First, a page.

New household vocabulary page

I’m planning to write an article or two on the topic, but so far already have 16 PDFs on rooms and furniture vocabulary, plus links to five related picture books, four related songs, my architecture page, my (newly tidied up) describing places page, related grammar points like there is/ there are, etc.

Household vocabulary games, worksheets, stories and songs

Suggestions for more games, stories, songs, etc gratefully accepted.

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New ideas for coronavirus changes for EFL classes

Perhaps to justify teaching face to face when the infection numbers are as high as during lockdown, my schools have introduced and proposed some additional measures that you and your schools could also consider. They are also looking for more similar ideas, if you have any.

  • Provide tongs for teachers to use while handling photocopies for students
  • Get students to fetch their own copies from the photocopier (so the teacher doesn’t handle them first)
  • Use old (pre-COVID 19) photocopies from the scrap paper tray to make disposable covers for classroom chairs and/ or tables
  • Get the teachers to type out what they are saying as they are saying it (to make up for the noise of open doors and extractor fans, the teacher speaking through a mask, etc – but also something that many students would appreciate having normally anyway)
  • Draw a mouth on the teacher’s mask (as it’s more difficult to fake-smile with your eyes)
  • Print out a lifesize colour photo of each teacher’s smiling face (always on the wall to make up for masking the real constant smile, or to hold up to give particular encouragement)
  • Train teachers in using even more extreme body language and gestures (thumbs way up in the air, etc, to make up for facial expressions being hidden)
  • Spend as much time in different rooms as possible (roleplaying not wanting to let someone into the room or not wanting to come in, roleplaying phoning someone before you come over to check that it’s okay to visit, doing a listening comprehension as if you are overhearing shouting neighbours through your wall, etc)
  • Put masks over the CD player and computer speakers (to get students used to how they will hear the teacher and other people speaking English from now on)
  • Put a clear plastic screen across the classroom between the teacher and students (as my student’s high school does), then get teachers to write on it with mirror writing (to get past not being able to properly read what is on the whiteboard behind that screen)
  • Put a GoPro camera under the teacher’s mask (to help with pronunciation work, and for students who had subconsciously been semi-lipreading to help with comprehension)
  • Provide a plastic “tongue glove” that teachers can put on so that they can safely take off their masks briefly to show mouth position
  • Film the teacher’s face with a heat-sensitive infrared camera (so that students can see their mouth position through their mask, but also so there is instant notice of the teacher becoming feverish)
  • Ban speaking in the teacher’s room (to stop spreading germs through droplets, but also useful to stop the spread of dissatisfaction with the present teaching situation)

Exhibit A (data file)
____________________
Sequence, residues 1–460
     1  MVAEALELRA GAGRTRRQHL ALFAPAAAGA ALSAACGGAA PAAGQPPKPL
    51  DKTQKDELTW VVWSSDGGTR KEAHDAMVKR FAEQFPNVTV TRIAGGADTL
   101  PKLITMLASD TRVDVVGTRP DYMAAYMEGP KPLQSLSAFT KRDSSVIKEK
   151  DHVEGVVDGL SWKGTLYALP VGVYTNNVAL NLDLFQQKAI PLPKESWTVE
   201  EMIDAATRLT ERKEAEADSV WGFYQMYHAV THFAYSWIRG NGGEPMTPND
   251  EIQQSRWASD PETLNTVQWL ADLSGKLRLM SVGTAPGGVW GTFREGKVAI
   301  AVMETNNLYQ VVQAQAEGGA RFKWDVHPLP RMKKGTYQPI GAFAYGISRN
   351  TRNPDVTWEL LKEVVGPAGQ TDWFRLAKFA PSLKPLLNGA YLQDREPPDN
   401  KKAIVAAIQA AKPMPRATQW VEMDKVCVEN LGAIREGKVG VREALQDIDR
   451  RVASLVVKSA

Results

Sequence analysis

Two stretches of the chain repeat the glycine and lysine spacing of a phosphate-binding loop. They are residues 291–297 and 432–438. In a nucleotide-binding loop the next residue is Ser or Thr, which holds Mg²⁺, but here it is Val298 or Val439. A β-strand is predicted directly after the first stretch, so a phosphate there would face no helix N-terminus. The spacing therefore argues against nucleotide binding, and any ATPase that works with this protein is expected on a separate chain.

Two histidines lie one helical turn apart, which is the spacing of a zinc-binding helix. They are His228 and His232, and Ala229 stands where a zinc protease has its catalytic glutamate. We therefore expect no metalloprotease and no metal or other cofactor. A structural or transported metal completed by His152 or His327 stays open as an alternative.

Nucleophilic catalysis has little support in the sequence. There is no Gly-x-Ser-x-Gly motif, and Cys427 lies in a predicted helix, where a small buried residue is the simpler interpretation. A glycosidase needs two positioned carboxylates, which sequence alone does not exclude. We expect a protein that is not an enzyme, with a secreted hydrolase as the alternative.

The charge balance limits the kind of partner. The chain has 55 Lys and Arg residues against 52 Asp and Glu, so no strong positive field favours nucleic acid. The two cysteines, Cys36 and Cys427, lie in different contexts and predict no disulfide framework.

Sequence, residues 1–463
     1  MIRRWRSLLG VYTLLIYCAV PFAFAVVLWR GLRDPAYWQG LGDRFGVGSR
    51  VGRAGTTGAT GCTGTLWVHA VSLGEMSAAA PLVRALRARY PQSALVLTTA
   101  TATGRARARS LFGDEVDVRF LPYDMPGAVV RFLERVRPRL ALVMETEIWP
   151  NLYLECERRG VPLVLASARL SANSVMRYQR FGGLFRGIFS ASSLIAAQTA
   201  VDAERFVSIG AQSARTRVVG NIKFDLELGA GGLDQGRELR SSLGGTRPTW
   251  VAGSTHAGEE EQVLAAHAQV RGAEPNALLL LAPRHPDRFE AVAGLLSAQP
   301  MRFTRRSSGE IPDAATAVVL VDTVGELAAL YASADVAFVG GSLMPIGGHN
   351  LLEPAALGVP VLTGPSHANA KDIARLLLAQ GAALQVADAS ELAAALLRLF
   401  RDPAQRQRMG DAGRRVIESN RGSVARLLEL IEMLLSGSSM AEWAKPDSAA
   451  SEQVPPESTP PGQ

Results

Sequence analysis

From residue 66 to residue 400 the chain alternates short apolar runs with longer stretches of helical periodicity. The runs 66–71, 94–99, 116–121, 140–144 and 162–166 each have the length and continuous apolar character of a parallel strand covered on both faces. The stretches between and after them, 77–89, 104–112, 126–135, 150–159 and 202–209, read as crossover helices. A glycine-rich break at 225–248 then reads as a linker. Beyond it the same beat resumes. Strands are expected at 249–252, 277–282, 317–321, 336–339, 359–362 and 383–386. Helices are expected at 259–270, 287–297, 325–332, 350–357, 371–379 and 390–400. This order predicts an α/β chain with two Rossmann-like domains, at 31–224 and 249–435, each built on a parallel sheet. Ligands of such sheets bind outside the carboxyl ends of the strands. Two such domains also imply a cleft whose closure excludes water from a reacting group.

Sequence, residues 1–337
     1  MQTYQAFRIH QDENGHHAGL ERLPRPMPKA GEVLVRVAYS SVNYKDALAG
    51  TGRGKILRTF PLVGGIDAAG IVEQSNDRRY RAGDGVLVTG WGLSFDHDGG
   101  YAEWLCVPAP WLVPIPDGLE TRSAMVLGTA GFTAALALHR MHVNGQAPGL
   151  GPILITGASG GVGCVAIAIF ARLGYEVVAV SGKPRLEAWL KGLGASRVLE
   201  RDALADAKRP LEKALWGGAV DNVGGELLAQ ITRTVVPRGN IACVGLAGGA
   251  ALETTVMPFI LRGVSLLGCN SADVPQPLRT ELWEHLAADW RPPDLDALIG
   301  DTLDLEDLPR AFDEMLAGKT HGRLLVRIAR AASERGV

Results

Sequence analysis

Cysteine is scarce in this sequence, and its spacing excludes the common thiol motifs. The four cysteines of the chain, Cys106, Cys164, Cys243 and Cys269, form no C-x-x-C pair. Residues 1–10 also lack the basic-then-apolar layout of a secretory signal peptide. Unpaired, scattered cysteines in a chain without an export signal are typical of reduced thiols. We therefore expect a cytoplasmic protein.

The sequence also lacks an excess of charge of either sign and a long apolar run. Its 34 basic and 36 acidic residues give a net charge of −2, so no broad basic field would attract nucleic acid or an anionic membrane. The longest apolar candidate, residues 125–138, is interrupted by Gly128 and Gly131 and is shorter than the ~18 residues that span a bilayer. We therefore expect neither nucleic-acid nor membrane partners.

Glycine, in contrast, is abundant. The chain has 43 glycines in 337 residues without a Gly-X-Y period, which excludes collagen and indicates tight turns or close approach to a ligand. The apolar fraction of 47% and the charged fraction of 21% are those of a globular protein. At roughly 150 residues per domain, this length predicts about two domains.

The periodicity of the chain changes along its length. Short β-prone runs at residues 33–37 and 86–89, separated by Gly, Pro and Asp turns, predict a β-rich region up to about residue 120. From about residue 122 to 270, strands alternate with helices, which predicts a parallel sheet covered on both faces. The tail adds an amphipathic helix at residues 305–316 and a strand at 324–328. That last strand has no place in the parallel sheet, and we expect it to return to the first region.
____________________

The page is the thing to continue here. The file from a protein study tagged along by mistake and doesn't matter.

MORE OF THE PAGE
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New articles on telephoning page

With 10 articles on telephoning and teaching telephoning already up and about 10 more to add soon, thought it was worth tidying up my telephone English worksheets page by moving the articles to a page of their own:

Telephone English articles

Will be regularly updated, started with three new articles next month.

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New Teaching Telephoning e-book out now!

While the rest of you were taking up new hobbies and having Zoom parties (?), I used my lockdown to finally keep my promise to those who were kind enough to buy a copy of my one of my previous e-books by writing another. And here is the result:

Teaching Telephoning: Interactive Classroom Activities – NEW

It has over 300 pages of photocopiables on every aspect of using the phone for formal and friendly business and personal calls, including all your favourite TEFLtastic activities like jigsaw texts, coin and dice games, card games, and pairwork information gaps. There are also plenty of materials on language which is just as useful for other skills like small talk, checking/ clarifying and tense reviews.

Teaching Telephoning can be used for everything from a whole course for business students to just a one-off lesson for Elementary students who might use the phone in English someday, and I’ve hopefully kept it cheap enough that everyone can afford a copy, at less than a penny a page. Buying a copy will also help me continue the writing schedule that I started in lockdown and get some more useful worksheets, articles and e-books up. My latest project is finishing, polishing up and choosing the best of my hundreds of grammar worksheets for an e-book on teaching tenses, so I’m going to need some encouragement to get all the way through that!

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New TEFL PDFs and articles 2020 Q2

Loads on my new favourite topics reporting verbs, verb patterns and subject questions, but also business communication reviews, social English, tenses, inversion, there is/ are, crime vocabulary, clothes vocabulary, animal vocabulary, academic writing (specifically the neglected topic of writing academic bios), word formation, writing reports, language of opinions, time expressions, CPE, passive voice, numbers, conjunctions, etc. (See the index pages on all those topics for more PDFs and teaching tips on each).

Arranged more or less with the newest top (possibly meaning with the most useful for you bottom):

New TEFL articles 2020 Q2

How to teach question formation (basic object questions, subject questions, indirect questions/ embedded questions, etc)